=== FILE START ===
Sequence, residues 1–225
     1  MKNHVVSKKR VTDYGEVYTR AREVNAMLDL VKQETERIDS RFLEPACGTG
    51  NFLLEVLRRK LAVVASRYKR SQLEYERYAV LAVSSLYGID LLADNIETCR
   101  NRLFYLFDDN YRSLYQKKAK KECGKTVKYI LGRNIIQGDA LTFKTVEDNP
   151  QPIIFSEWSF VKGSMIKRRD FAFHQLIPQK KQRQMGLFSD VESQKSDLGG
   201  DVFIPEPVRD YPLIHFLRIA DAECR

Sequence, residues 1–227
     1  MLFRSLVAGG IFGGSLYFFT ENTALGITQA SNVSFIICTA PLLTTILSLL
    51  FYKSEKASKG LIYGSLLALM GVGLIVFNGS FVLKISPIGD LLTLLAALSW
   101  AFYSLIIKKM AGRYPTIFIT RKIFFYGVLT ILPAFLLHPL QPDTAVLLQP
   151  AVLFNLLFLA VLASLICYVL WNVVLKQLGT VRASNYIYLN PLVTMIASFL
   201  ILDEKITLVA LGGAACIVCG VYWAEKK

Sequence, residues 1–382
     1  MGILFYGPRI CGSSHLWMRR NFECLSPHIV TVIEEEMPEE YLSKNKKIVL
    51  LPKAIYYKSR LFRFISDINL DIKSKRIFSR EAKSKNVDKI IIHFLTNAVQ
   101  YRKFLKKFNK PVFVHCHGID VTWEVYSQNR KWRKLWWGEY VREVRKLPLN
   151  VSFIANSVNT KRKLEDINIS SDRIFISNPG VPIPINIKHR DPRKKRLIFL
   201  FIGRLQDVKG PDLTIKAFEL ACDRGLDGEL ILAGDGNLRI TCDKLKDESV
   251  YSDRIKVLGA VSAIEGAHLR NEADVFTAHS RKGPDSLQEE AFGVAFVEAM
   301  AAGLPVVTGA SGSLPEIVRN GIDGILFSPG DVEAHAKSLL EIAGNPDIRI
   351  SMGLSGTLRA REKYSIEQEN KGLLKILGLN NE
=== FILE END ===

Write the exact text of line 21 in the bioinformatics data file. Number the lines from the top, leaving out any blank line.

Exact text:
   351  SMGLSGTLRA REKYSIEQEN KGLLKILGLN NE